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Must make the 'militants' comfy: Dems fret about terrorist rights

Jack Kelly

By Jack Kelly

Published Dec. 23, 2014

  Must make the 'militants' comfy: Dems fret about terrorist rights

How many legs does a calf have, if you call the tail a leg?” Abraham Lincoln asked a congressman during a discussion of whether he had the authority to issue the Emancipation Proclamation.

“Five,” the congressman replied.

“Four,” Lincoln corrected him. “Calling a tail a leg doesn’t make it a leg.”

Democrats on the Senate Intelligence Committee have as expansive a definition of “torture” as do those feminists who include consensual sex in their definition of “rape.”

Foremost of the “tortures” they decried in a 500-page report was the waterboarding of three senior al-Qaida leaders.

The more than 70,000 U.S. military personnel who’ve experienced it during SERE (Survival, Evasion, Resistance, Escape) training can attest that waterboarding, which simulates drowning, is highly unpleasant.

But “there’s no pain, actually. There’s no trauma. There’s no lasting effect,” said Capt. Ken Kropkowski, a naval aviator who was waterboarded. “I don’t see how you can equate that with torture.”

Some CIA interrogators were themselves waterboarded before using the technique on terrorists. Abu Zubaydah broke after 35 seconds of waterboarding, an interrogator said.

Sleep deprivation, stress positions, liquid diets and playing loud music were other forms of “torture” the report decried.

No one at the CIA involved with enhanced interrogations was personally interviewed by the committee before the report was published. One reason is that some would have testified that information obtained from “enhanced interrogations” thwarted several terror plots, led to the capture of senior al-Qaida leaders and pointed the way to Osama bin Laden’s hideout, said former CIA Director Michael Hayden.

“Enhanced techniques made me want to tell the truth to make it stop, not to compound my situation with more lies,” said a former interrogator.

Their testimony wasn’t sought because it would have clashed with the committee’s predetermined conclusion that enhanced interrogations were ineffective, Gen. Hayden said.

The CIA ought to rough up terrorists if that’s what it takes to get them to spill the beans on terror plots, Americans think.

The CIA methods were justified, said 51 percent in a Pew poll Dec. 15. Only 29 percent said they weren’t. Respondents agreed, 56-26, that information gleaned from enhanced interrogations helped prevent terror attacks. Only 24 percent in a YouGov poll Dec. 11 said torture is “never justified.” Think what those numbers would be like if there were another terror attack on American soil.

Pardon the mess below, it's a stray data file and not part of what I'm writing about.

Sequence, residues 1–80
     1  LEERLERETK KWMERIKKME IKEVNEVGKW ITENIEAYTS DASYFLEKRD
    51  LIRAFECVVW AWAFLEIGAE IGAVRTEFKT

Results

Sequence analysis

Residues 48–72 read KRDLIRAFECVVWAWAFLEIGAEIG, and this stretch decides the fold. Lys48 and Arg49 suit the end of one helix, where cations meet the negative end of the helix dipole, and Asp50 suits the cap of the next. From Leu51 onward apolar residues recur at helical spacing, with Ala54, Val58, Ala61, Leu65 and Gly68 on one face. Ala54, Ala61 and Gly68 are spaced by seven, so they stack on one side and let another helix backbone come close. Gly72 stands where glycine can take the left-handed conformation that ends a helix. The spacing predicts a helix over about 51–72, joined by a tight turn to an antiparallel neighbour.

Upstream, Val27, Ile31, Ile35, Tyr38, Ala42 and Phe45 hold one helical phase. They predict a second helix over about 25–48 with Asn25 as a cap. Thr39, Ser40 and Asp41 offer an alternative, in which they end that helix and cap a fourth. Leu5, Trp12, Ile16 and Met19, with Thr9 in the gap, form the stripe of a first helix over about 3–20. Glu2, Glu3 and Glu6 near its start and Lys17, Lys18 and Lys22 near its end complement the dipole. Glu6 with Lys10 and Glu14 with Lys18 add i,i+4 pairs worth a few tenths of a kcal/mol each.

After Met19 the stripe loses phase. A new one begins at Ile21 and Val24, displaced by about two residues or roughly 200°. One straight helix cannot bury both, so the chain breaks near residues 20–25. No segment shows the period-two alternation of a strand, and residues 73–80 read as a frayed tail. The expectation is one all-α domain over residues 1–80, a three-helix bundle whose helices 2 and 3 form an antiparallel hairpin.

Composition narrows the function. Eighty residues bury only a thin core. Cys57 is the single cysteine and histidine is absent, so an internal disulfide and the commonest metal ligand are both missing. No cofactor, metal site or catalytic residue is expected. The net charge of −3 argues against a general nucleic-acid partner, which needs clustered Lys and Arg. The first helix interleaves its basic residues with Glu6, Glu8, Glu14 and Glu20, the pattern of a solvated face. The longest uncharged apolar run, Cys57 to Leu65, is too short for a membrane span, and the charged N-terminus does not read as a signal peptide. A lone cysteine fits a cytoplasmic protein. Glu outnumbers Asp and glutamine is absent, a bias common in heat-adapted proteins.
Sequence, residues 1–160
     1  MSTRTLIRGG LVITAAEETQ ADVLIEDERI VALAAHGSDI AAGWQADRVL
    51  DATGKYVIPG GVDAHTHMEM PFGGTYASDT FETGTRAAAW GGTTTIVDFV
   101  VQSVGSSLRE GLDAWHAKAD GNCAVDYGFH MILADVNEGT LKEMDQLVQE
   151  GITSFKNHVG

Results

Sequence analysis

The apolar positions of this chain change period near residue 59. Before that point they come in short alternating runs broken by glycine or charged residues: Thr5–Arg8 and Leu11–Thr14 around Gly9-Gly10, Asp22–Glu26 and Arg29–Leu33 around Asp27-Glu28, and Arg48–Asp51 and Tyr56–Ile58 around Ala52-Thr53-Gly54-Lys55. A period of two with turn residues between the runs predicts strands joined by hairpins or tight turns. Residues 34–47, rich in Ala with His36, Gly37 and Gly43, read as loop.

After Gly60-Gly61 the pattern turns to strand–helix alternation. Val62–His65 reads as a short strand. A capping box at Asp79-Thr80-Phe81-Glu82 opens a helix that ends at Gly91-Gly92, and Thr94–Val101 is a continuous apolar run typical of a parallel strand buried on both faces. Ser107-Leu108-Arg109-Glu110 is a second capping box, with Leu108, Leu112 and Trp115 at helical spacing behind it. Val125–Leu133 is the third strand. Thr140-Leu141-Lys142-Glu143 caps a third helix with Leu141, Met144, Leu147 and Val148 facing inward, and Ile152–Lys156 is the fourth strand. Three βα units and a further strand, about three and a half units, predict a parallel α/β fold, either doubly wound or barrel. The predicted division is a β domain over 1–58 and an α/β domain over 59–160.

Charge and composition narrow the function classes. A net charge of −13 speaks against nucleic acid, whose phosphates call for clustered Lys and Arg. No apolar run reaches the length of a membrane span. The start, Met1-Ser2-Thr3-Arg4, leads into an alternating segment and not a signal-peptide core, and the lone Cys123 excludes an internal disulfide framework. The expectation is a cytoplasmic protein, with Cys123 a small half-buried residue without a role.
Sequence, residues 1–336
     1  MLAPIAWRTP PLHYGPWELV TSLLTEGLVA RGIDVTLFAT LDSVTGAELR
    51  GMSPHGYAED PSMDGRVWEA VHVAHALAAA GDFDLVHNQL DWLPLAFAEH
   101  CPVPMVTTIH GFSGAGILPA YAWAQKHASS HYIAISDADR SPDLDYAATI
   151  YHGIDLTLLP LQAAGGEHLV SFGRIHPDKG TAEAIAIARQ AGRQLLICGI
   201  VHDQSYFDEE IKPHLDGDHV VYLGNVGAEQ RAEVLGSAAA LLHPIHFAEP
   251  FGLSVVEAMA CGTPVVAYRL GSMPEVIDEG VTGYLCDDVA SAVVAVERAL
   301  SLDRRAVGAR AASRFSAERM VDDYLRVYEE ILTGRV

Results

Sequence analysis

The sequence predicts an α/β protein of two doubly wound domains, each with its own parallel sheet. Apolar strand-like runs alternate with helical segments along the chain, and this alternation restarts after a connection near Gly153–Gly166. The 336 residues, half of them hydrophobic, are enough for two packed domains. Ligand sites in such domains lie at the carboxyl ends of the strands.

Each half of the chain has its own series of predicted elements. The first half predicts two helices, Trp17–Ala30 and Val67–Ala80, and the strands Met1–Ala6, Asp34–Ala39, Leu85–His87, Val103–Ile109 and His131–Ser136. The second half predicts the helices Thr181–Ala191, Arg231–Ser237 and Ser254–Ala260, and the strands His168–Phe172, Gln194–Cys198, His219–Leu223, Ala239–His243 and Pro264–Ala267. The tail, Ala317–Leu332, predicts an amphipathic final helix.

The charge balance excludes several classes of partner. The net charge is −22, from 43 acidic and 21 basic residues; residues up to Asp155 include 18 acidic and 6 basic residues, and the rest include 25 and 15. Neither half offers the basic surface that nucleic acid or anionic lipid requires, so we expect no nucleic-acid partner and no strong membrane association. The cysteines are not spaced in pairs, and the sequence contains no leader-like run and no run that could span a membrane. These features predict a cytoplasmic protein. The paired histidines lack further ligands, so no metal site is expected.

This is not a hypothetical question, the terror standoff in Sydney last weekend reminds us. Thanks to President Barack Obama’s foreign policy blunders, the threat Islamic terrorists pose has never been greater.

With little effort to determine if the incendiary accusation was true, Rolling Stone published an article last month accusing a fraternity of using gang rape as an initiation rite. That Senate committee Democrats avoided hearing evidence that might contradict their narrative reminded him of the Rolling Stone article, said Yale law professor Stephen Carter.

The accusations in the Senate Intelligence Committee report are not new. Democrats used the torture meme to beat up the Bush administration during the 2008 elections. Why resurrect it now, when it can only hurt CIA morale, anger our allies and give aid and comfort to our enemies?

“By attempting at this late date to vilify the men and women who did the hard, dangerous and unpleasant work of keeping the rest of us safe, [committee Democrats] create, gratuitously, a real and present danger,” said Lt. Col. Ralph Peters, a retired Army intelligence officer. “They have placed a higher value on the exaggerated ‘suffering’ of barely human monsters than on the safety of our diplomats, our troops, our citizens abroad and our closest allies.”

Rolling Stone’s bogus rape story backfired. So has the torture report. Publishing it has hurt the United States, said 52 percent in that YouGov poll. Only 29 percent thought “the use of torture by the American government” was more harmful.

Imagine what those numbers would be like if we stopped calling a tail a leg. Democrats will regret positioning themselves as the party that puts the comfort of terrorists ahead of the safety of Americans.

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JWR contributor Jack Kelly, a former Marine and Green Beret, was a deputy assistant secretary of the Air Force in the Reagan administration.

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